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One of the most underrated aspects of a job interview is asking questions.
If you’re a budding architect, then you can’t expect to shy away from a challenge. While many candidates may fail to gather up the courage to ask relevant questions, you can’t afford to fall in that category.
You’ve to pick your moment and ask the interviewer what’s on your mind to better understand what the job entails. Apart from that, you get an idea of how hard you need to work or what responsibilities you’ll have to shoulder, and whether it’ll help fulfill your aspirations.
But we understand that it can be tricky to come up with the right questions or the correct manner to ask them during the crunch moments. So, for your benefit, we’ve highlighted all the essential information in our guide to give you a head start.
Are you ready? Let’s put on our thinking caps and dive right in.
Best Architecture Job Interview Questions
When Should You Ask Questions?
When you enter the interview room, the panelists are waiting to get accustomed to your skills. They want to find out how you can add value to the organization, so don’t get too tensed about asking questions right away. Instead, take your time, settle down, and respectfully answer what you’re being asked.
Once the panelists are done, they will be looking to bring the interview to a close. Now is your chance to let them know what’s on your mind. The best thing to do is restrict yourself to the most critical questions, or you may even ask some follow-up questions while you’re answering.
You must try to maintain a conversational tone that will place you in good stead. It would also be best to avoid simple yes or no questions and look for more comprehensive answers. The key is to remember that there’s nothing wrong with asking questions, and it helps to highlight your interest.
Keep in mind that you’re trying to gauge whether the job offers the opportunity for you to showcase your talent and progress in your career. So, to help you, we’ve listed down some of the burning questions which candidates are itching to ask. You can also write these down to be better prepared lest you forget during the interview.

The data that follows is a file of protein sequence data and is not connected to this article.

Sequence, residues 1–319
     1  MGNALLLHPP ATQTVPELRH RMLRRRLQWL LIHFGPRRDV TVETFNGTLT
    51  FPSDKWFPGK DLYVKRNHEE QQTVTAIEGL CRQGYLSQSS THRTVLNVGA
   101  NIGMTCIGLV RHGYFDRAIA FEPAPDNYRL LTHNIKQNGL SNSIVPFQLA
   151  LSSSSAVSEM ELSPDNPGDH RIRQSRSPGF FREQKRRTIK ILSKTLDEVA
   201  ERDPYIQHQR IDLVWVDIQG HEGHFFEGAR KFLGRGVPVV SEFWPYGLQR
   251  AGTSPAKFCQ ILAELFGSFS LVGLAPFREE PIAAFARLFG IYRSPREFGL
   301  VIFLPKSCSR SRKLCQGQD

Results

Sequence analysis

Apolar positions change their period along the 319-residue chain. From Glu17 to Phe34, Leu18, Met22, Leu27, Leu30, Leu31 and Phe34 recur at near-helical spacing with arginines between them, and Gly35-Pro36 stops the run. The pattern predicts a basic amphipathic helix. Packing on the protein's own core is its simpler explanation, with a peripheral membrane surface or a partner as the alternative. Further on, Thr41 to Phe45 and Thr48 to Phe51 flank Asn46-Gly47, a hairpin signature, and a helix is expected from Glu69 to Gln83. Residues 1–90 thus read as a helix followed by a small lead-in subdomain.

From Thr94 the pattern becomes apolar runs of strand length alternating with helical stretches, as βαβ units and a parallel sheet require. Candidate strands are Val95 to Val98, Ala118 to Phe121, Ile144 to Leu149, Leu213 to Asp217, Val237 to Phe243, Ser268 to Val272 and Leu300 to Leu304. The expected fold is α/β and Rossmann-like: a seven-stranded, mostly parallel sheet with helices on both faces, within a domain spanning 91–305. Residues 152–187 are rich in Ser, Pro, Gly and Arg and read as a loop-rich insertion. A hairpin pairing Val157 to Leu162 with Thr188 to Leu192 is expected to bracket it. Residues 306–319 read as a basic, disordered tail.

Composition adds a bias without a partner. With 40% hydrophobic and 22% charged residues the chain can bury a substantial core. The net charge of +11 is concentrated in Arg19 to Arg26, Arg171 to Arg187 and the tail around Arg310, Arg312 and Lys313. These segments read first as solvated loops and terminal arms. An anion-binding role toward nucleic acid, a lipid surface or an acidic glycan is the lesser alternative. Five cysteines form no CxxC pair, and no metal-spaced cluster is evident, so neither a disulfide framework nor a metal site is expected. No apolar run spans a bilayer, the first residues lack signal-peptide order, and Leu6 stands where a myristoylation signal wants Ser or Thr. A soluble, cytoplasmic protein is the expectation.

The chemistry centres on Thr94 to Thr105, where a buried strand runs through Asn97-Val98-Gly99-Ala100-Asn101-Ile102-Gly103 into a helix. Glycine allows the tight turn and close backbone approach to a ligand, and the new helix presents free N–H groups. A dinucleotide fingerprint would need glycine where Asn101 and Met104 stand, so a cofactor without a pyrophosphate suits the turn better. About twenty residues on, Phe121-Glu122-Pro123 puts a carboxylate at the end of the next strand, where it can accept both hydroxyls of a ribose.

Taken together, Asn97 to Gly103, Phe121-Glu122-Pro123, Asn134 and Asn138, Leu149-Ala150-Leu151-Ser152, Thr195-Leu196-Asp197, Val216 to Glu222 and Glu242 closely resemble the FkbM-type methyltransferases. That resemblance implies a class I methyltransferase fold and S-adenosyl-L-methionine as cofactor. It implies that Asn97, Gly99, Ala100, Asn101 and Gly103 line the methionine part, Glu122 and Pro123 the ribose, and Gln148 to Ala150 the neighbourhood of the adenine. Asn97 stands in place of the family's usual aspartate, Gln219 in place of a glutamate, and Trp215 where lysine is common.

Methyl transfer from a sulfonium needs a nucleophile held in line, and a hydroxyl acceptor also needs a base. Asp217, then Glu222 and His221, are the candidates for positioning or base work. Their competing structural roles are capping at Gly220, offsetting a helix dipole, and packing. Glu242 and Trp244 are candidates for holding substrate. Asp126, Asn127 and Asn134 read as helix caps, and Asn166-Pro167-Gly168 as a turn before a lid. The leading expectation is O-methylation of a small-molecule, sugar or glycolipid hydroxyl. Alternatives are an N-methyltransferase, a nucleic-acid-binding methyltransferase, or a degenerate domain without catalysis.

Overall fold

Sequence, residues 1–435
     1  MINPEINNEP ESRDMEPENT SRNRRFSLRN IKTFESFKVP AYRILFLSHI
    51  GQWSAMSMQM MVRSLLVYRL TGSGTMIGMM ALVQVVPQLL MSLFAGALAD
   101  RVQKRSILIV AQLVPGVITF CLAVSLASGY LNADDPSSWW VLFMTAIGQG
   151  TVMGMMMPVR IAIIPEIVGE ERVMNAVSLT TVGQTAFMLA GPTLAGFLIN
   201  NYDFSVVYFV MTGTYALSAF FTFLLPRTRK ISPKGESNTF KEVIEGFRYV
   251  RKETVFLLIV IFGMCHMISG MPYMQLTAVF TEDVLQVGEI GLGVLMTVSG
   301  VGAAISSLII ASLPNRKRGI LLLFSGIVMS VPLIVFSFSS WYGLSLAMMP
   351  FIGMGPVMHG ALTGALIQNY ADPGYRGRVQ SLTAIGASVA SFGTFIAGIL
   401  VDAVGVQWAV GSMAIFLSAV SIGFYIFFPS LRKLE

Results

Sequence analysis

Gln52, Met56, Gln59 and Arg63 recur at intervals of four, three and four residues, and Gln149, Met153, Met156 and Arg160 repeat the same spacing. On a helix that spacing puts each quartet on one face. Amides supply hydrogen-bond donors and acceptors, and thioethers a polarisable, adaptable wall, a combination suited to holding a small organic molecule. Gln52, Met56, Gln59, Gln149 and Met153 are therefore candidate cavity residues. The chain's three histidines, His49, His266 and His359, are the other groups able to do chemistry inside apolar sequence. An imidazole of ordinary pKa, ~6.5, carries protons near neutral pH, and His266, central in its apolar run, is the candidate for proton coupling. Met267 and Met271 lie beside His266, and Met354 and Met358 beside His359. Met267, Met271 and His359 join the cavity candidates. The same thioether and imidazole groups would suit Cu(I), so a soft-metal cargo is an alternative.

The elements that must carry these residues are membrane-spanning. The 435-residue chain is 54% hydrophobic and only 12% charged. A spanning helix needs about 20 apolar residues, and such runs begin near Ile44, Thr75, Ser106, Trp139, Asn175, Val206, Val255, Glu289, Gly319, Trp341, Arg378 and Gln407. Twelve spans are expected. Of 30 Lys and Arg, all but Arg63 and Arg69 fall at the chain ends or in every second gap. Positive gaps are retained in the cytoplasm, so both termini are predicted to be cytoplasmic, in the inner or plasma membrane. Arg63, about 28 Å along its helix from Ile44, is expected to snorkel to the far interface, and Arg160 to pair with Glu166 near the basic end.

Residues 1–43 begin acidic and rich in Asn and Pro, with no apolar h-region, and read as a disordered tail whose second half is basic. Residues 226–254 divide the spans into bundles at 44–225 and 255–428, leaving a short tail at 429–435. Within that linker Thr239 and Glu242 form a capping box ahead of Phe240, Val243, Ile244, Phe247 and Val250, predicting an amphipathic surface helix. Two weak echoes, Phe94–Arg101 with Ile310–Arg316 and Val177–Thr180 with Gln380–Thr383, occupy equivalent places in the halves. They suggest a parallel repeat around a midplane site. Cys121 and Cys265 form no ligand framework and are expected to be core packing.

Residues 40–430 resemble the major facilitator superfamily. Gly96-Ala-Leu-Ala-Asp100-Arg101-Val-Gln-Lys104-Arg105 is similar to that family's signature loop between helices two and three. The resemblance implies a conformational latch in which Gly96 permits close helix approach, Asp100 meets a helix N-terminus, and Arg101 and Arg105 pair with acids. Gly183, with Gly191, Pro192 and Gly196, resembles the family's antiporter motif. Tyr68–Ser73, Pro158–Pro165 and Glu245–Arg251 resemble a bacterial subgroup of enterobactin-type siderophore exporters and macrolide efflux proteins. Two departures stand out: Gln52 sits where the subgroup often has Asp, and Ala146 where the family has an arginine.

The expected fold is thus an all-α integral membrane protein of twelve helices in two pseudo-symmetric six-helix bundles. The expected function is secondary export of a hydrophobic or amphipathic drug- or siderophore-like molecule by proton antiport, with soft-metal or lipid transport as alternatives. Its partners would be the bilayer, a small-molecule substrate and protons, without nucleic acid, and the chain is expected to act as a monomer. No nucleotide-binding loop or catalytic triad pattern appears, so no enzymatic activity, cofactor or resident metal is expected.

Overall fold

Without further ado, let’s begin.
One of the primary questions you can start with is asking the interviewer what projects you’ll be involved in. You should note while appearing for the interview, it’s expected you’ll read up on the particular architecture firm. And while conducting your research, you’ll get an idea of the type of projects they have.
So, there’s no need for you to ask about the same, and instead, you can ask about your role and how you’ll fit in. It helps keep all the unnecessary clutter aside and shows that you’re interested in the workings of the firm. Moreover, it’ll form the platform for you to ask further questions.
After learning about the ongoing projects and the department you’ll be assigned to, you should try to find your work location. In case you have a family, and the project is out of town, you’ll have to spend a sufficient amount of time traveling for meetings.
Moreover, you’ll need to monitor the progress, which is why a prior knowledge of the location will allow you to work out a plan. You’ll also realize whether it’ll be feasible for you to accept such an undertaking, which will enable you to make an informed decision.
Please, remember that an interview involves interaction where both you and the interviewer try to gather the relevant information. If you come back after only providing information, then you’re none the wiser.
Another aspect of learning about the location is to know about the office where you’ll be needed. Ask if you’ll be working at the main office or someplace else and also inquire whether the post you’re being offered is a new one. A recent post is often a sign of the company growing.
Number Of Projects
The next thing you need to know about is the number of projects you’re likely to undertake. You can usually get an idea depending upon the organization. We mean that if you’re working in a small office, you will have more possibility to handle a series of projects.
You’ll have to be a master of all traits and take care of numerous departments. So, by asking the interviewer, you’ll get an idea of the intensity of the job. In case you’re unsure if you can handle more than one job, we suggest you go for it rather than paying attention to what others have to say.
It’s better to have more work than none at all, and it also promises variety instead of being stuck in a tedious job for years. However, the decision rests with you, which you can only make if you ask for the information.
Besides, try and figure out if you’re being hired for one large project or the general improvement of the organization. It’s better if you’re selected for the latter as it offers more job security rather than one specific assignment, which may or may not be successful.